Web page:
Wednesday, March 9, 2016

The ever-changing meaning of rape

When is rape rape? It sounds like a silly question but it’s not. Today on college campuses the obvious has been cast into doubt. Used to be that we knew what rape was. It was as heinous a crime as one could imagine. The ultimate violation. Now its definition has been opened to interpretation by the politically correct forces that dominate universities big and small. Today, we’re no longer sure and the consequences will be devastating.

Yale’s basketball team has made it to the NCAA Tournament for the first time since JFK was president. The accomplishment was bitter-sweet. Its captain, Jack Montague, was not only ejected from the team, but expelled from school in February. Yale officials have been tight-lipped, as has the Montague family. Jack’s father is keeping silent on advice from his attorney but says he can’t wait to tell their side of the story.

Shortly after Montague’s expulsion, the team sported practice jerseys with Montague’s number and nickname: Gucci. This prompted a women’s group on campus to plaster posters all over campus admonishing the team for supporting a rapist. This is where the story gets murky.

Before I continue, let me just state for the record that I know what rape is. If Montague is guilty of rape, he needs to be prosecuted to the fullest extent of the law. It appears that definition has been so distorted that we may never know the truth.

Here’s what we’re hearing.

Montague broke up with his girlfriend. Shortly after doing so, the woman contacted school officials and reported that Montague had raped her while they were dating. Local police say they have had no complaint filed against Montague, criminal or otherwise, and are not investigating him for rape or any other crime.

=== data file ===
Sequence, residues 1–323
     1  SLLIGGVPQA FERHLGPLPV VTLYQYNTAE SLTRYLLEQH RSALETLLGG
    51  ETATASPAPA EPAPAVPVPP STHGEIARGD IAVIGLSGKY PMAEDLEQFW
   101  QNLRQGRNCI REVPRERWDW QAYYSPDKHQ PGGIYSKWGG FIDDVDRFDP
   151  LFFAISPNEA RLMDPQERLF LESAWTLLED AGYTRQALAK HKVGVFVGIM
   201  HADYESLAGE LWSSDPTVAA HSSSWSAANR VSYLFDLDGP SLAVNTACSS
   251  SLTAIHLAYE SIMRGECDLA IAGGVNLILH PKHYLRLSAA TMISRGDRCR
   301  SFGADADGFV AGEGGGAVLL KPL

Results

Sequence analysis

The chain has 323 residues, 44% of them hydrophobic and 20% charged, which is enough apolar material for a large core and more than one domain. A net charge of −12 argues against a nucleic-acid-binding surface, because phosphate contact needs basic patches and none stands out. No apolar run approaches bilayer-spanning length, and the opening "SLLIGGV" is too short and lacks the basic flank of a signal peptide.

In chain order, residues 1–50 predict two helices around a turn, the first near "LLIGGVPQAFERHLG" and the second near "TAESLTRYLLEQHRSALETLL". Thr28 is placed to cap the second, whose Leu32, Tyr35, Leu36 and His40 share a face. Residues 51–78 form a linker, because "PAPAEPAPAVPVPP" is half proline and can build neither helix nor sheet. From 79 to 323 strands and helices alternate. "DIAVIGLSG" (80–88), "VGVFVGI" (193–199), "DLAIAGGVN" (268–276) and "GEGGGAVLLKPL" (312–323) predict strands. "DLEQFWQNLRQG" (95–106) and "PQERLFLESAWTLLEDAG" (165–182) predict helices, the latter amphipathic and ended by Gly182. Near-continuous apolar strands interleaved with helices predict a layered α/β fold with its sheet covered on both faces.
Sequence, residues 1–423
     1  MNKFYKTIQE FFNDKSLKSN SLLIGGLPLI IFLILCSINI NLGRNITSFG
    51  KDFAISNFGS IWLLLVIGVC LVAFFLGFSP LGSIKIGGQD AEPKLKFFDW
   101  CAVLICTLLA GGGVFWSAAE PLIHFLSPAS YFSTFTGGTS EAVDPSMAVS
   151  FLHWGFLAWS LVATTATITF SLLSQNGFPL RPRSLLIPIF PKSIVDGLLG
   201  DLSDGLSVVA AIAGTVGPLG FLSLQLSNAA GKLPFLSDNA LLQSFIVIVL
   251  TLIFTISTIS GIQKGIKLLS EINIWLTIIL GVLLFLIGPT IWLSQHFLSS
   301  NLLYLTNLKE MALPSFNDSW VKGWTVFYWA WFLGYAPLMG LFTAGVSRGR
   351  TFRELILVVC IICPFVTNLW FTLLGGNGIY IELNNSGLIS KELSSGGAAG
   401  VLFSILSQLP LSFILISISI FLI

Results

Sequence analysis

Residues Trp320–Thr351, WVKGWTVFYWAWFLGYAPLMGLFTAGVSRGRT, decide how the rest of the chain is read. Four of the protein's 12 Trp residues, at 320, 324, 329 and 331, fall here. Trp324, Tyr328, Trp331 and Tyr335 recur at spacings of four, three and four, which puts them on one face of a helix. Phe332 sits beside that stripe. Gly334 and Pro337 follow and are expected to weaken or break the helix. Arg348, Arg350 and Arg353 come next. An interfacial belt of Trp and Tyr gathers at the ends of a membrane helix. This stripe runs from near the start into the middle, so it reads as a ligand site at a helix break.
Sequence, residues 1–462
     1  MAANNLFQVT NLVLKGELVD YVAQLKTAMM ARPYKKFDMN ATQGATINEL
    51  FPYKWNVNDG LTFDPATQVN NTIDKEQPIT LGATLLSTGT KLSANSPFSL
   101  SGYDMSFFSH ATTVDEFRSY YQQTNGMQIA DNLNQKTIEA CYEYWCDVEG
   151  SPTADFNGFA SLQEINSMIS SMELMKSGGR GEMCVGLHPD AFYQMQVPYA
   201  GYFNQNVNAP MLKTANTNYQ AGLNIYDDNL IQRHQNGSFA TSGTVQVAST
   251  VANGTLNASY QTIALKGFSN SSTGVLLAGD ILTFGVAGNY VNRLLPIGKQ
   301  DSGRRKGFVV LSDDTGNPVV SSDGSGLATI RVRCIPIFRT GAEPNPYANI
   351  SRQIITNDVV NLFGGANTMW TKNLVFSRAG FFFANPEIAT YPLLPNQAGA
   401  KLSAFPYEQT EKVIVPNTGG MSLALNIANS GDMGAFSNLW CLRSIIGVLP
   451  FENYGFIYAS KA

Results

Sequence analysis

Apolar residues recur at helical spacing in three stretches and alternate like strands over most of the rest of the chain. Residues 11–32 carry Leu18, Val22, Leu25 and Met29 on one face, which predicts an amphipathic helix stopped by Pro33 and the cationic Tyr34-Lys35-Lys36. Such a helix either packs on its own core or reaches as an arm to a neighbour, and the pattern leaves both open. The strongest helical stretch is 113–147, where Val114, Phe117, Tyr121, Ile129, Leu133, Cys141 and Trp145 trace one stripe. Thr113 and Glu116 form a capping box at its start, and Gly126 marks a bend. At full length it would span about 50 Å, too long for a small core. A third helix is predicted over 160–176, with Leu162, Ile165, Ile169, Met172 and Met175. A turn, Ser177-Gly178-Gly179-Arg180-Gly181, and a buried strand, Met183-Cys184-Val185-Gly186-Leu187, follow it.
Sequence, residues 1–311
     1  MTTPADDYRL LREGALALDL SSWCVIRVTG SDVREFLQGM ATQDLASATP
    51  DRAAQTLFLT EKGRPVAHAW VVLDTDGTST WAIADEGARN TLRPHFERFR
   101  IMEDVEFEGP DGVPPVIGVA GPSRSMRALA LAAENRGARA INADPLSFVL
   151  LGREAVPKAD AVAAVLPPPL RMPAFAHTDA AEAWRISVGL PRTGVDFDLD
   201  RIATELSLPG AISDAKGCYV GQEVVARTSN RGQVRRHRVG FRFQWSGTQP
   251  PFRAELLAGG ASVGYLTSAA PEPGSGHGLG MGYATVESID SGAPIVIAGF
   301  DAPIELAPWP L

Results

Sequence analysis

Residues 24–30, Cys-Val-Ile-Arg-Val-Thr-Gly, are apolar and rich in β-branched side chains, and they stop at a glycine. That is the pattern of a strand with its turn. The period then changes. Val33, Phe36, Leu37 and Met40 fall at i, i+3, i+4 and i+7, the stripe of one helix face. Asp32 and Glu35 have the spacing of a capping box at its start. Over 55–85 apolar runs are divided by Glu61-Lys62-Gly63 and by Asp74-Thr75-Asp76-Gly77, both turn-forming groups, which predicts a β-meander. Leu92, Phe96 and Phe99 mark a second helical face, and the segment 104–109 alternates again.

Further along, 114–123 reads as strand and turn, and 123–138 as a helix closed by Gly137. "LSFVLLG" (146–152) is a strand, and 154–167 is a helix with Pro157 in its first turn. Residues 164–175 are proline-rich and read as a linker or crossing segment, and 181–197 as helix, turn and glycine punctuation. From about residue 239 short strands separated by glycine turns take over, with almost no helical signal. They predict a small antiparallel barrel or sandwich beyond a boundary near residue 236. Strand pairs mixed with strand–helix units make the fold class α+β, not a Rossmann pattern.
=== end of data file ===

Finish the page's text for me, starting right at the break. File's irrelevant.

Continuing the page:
Let’s assume just for a second that the woman’s accusations are true. Wouldn’t Yale have an obligation to report such a crime to police? If they didn’t, are they covering it up to protect the reputation of the school? That should be a crime in and of itself.

Now let’s assume that the accusations are not true. They’re going to expel a student and ruin his chance to be part of the school’s sports history on hearsay from a scorned lover?

It sounds like what we would expect to come from the ‘Yes Means No’ legislation that originated in California and quickly spread to colleges across the country. Basically, the rules of engagement between men and women on campus have changed. If the two end up having sex, which tends to happen in college, the woman has to give her verbal approval of the act. Not just at the beginning but periodically throughout the encounter. If she has been drinking, she is not capable of approval, therefore any sex act with a woman who has consumed alcohol or drugs is assumed to be rape. Oh yeah, and the accused is guilty until proven innocent.

We saw what a mess was made of this newfound assumption of guilt in the University of Virginia case. Rolling Stone magazine went all out with a story about a gang rape at a frat house, relying only on the story of the accuser. As it turns out, the woman made the entire story up. In the meantime, an entire fraternity and its members were dragged through the mud. Protests were staged at the frat house. Nasty words were spray-painted on the building. All of the brothers were assumed to be rapists. And no one at the school even hesitated to believe the story.

Is UVA happening again at Yale?

Phil Valentine is the host of the award-winning, nationally syndicated talk radio show, 
The Phil Valentine Show.

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